Why are we concerned about storing our wood for our routing wood signs? The purchase of wood is an investment and it costs a lot depending on the species of wood you use for your routed wood. What are the basic considerations for storing your wood for routing wood signs?
- Cut you lumber in lengths which are manageable for your space
- Stack your wood with separators at even lengths to best support the wood
- This allows air to circulate between the wood and allow to completely dry (if Moisture Content is about preferred 6-8%)
- The goal is to prevent warping and cracking which eliminates the ability to use the wood for routing wood signs
If you want to know more information regarding preventing wood cracks or splitting you can read out post – “Wood Sign Crack Split Prevention Spreading Repair“
Carving Your Wood Sign With A Router Concerns – Basics
When considering your purchase of wood for your routed wood signs how the wood will carve with a router is key. Most wood will work well with a router. However, there are a few concerns you need to look at.
- Splintering – Some species of wood will splinter when carved with a router. This is due to the strong grains in the wood. You can avoid the splintering by ensure you use the correct speed and a sharp bit on your router.
- Gouging/Tear- Out – Basically Gouging or Tear-Out is when the router bit tears out material of the wood. This commonly happens when routing cross grain, turning corners or attempting to take out too much material at one time.
- Paint Bleeding – When painting your routed wood sign the choice of wood can increase the capability of paint bleeding. Paint bleeding is when the paint penetrates the grains around the router carved lettering or images. It can be prevented by using a sanding sealer applied prior to painting the lettering or images carved by the router.
Where to Buy Wood For Routing Wood Signs
There are many places to find wood for your routed wood signs. Some of them will be free and some of them will need to be shipped due to the specificity of the wood. No matter where you go you will need to get wood for your routed wood signs.
During my research, I discovered many places to get wood for my routed wood signs. I have broken out below some resources which you may consider.
Beginner Low And Higher Budget
If you are just getting started and are working on a low budget there are resources you can use to get the wood for your routed wood sign.
Free – Local businesses usually have shipping wood outback of their business. These come in the form of pallets or shipping types of wood. Check-in on local businesses and ask if they are willing to give you the wood. Beware – Do not just assume the wood is free to ask the business.
Additionally, there are places on Craigslist and Facebook Market that have wood they would like to get rid of. Check out these resources. Lastly, your family or friends may have or know someone who has extra wood they may want to get rid of.
Low Cost – If you don’t have the tools or resources to cut and finish your wood you can buy your wood for your routed wood sign pre-finished. These are available at your local Michael’s or Hobby Lobby. The size may be limited but they already are cut and some have finished edges.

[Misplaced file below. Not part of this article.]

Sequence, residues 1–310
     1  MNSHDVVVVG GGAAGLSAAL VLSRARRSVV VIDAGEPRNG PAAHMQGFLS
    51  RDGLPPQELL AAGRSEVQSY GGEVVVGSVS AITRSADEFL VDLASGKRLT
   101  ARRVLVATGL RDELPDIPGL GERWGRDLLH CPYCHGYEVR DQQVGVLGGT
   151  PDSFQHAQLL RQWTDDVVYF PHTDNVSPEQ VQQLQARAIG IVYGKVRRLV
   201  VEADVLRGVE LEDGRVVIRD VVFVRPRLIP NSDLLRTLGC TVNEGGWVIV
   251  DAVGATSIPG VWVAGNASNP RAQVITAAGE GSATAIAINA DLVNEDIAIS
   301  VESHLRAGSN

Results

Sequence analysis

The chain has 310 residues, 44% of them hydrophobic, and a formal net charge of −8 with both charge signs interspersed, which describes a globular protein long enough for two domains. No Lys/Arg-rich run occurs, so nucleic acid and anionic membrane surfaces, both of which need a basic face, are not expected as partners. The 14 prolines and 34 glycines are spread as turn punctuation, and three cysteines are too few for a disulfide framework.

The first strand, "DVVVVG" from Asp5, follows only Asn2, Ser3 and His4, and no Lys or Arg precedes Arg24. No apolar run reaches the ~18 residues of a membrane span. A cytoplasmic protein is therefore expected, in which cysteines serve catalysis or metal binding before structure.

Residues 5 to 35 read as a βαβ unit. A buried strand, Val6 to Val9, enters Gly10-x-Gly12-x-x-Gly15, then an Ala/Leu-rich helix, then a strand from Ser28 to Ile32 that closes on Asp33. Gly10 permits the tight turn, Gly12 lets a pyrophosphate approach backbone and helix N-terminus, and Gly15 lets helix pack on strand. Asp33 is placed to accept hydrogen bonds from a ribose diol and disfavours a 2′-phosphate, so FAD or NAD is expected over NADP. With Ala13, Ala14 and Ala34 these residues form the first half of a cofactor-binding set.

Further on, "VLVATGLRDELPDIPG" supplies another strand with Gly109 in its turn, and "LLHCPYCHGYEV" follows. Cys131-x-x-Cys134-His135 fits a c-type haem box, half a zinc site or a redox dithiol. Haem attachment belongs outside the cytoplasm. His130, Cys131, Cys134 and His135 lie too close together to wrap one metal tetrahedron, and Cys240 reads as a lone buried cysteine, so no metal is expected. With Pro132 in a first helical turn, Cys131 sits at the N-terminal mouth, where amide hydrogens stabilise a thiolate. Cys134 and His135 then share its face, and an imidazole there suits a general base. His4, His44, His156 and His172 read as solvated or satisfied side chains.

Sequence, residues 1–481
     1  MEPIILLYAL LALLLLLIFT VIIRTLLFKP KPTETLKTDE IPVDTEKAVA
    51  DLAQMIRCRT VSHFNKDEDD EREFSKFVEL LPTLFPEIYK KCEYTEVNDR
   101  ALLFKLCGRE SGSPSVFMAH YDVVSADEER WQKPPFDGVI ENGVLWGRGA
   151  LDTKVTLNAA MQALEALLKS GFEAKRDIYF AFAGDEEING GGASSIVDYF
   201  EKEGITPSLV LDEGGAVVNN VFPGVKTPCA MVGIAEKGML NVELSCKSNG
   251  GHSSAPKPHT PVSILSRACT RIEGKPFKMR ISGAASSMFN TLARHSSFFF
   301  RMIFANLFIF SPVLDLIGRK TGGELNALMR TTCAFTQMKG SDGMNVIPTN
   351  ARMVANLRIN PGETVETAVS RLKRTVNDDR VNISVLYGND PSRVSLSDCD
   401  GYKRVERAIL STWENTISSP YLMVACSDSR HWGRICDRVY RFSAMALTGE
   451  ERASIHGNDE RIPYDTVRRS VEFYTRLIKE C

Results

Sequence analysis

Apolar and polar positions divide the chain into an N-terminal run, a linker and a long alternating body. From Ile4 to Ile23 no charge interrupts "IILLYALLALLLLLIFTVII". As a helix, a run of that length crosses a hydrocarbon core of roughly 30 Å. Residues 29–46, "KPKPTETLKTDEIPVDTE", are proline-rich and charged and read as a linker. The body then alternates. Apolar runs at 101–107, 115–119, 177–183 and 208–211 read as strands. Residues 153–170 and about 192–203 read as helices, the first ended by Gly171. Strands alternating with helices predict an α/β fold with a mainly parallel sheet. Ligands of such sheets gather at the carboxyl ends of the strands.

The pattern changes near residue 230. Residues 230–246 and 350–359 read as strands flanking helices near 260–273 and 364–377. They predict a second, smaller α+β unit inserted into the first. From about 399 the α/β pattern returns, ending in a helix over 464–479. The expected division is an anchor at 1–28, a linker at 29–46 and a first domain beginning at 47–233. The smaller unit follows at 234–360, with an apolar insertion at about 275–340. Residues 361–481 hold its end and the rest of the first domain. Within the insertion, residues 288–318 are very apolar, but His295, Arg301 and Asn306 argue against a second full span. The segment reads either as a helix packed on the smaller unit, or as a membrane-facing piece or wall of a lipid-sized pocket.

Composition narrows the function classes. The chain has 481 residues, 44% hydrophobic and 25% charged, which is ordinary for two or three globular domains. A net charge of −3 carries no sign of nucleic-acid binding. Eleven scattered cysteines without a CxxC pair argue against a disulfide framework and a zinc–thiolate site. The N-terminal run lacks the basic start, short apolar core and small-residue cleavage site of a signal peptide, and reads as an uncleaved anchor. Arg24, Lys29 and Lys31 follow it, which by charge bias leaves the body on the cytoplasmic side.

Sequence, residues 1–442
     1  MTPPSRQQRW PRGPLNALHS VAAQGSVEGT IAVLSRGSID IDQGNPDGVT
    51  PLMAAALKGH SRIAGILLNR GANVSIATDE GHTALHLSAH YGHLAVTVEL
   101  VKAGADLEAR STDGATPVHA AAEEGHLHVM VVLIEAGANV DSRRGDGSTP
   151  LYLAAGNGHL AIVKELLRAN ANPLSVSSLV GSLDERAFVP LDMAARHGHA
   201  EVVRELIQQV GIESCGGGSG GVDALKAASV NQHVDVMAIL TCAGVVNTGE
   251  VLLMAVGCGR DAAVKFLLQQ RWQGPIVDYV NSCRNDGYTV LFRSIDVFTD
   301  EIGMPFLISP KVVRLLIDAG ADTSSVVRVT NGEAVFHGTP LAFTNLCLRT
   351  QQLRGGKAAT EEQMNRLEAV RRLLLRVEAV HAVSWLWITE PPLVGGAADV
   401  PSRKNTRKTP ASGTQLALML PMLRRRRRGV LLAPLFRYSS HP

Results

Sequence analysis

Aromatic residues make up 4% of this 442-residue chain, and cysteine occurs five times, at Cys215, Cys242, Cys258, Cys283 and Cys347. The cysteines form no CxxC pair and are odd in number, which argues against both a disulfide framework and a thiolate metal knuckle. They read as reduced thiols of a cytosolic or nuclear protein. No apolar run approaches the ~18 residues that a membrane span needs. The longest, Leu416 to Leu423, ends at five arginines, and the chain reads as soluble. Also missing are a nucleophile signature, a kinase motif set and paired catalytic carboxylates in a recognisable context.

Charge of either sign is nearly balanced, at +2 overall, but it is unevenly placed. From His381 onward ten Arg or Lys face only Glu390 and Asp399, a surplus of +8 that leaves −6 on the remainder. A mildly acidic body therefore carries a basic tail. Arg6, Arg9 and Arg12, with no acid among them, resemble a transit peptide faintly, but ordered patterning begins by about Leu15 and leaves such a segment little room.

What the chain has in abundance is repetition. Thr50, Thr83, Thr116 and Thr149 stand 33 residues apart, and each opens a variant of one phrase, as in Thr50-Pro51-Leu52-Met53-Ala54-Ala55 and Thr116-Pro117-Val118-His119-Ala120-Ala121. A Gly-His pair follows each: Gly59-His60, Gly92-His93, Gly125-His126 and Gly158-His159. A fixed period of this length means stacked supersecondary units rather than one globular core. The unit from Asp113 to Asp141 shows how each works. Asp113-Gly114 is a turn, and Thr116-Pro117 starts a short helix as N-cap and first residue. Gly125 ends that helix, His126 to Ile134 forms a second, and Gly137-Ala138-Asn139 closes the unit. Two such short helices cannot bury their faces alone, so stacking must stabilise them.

Lowes and HomeDepot are good resources for typical wood for your routed wood signs. They sell per piece (Not by Board Foot (BF)) and is a great place to start.
High Cost – If you are more experienced and finish your own wood for your routed wood signs Mills and wood suppliers are an excellent choice. You may pay more for the wood however, they provide more exotic species of wood and choices of sizes. They typically sell by board foot (BF) and provide more options for wood for your routed wood signs.
**All business names and trademarks mentioned are registered and owned by their respective business
Different Types Of Wood For Routing Wood Signs
There are many species of wood that you can use for your routing wood signs. I thought a good overview of the basics of wood and its purpose would be a good idea as it can be very confusing.
Full Size And Dimensional Wood
When you visit your local hardware store or lumber yard you will discover many sizes of wood for your routing wood sign project. Depending on the species or type of wood they come in different shapes and sizes. I wanted to give you a guide of typical sizes.
This is important due to the storage area of your wood shop, the capability of the vehicle to carry, and the ability to overcome the sizes of wood which can be very heavy or big in size depending on species or type.
|Species or Type||Typical Size||Weight|
|Plywood||4 ft x 8 ft x .75 in||Medium to Heavy|
|Pine||4,6,8,10,12 in x 6,10,12, 16 ft x .75 in||Light|
|Cedar||6 ft x 6 in x .50 in||Light|
|Redwood||4,6,8,10 in x 6,10,12, 16 ft x .75 in||Light|
|MDF||4 ft x 8 ft x .75 in||Heavy|
The above chart doesn’t depict all the sizes just the most common sizes you may encounter. If you don’t have a vehicle that can haul a large size piece of wood you can have the hardware cut down the size of the wood.
Dimensional Wood – Dimensional wood is wood pre-cut down to project sizes. It mostly is the plywood and MDF types of wood.
|Type||Pre Cut Size||Cut Size|
|Plywood||4 ft x 8 ft||4 ft x 4 ft or 2 ft x 4 ft|
|MDF||4 ft x 8 ft||4 ft x 4 ft or 2 ft x 4 ft|